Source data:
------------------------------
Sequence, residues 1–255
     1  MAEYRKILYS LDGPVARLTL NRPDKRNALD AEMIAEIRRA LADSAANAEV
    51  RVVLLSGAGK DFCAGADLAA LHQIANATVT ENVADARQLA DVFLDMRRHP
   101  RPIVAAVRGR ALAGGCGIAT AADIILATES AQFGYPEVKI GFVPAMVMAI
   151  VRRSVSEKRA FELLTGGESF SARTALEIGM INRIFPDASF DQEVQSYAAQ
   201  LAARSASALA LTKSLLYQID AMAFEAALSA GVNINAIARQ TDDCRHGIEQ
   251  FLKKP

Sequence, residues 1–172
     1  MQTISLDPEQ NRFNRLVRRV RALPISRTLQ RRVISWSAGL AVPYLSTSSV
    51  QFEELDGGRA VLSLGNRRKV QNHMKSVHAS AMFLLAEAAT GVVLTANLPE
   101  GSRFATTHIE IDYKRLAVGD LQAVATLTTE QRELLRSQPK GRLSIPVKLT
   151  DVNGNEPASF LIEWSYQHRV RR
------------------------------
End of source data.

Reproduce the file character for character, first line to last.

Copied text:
Sequence, residues 1–255
     1  MAEYRKILYS LDGPVARLTL NRPDKRNALD AEMIAEIRRA LADSAANAEV
    51  RVVLLSGAGK DFCAGADLAA LHQIANATVT ENVADARQLA DVFLDMRRHP
   101  RPIVAAVRGR ALAGGCGIAT AADIILATES AQFGYPEVKI GFVPAMVMAI
   151  VRRSVSEKRA FELLTGGESF SARTALEIGM INRIFPDASF DQEVQSYAAQ
   201  LAARSASALA LTKSLLYQID AMAFEAALSA GVNINAIARQ TDDCRHGIEQ
   251  FLKKP

Sequence, residues 1–172
     1  MQTISLDPEQ NRFNRLVRRV RALPISRTLQ RRVISWSAGL AVPYLSTSSV
    51  QFEELDGGRA VLSLGNRRKV QNHMKSVHAS AMFLLAEAAT GVVLTANLPE
   101  GSRFATTHIE IDYKRLAVGD LQAVATLTTE QRELLRSQPK GRLSIPVKLT
   151  DVNGNEPASF LIEWSYQHRV RR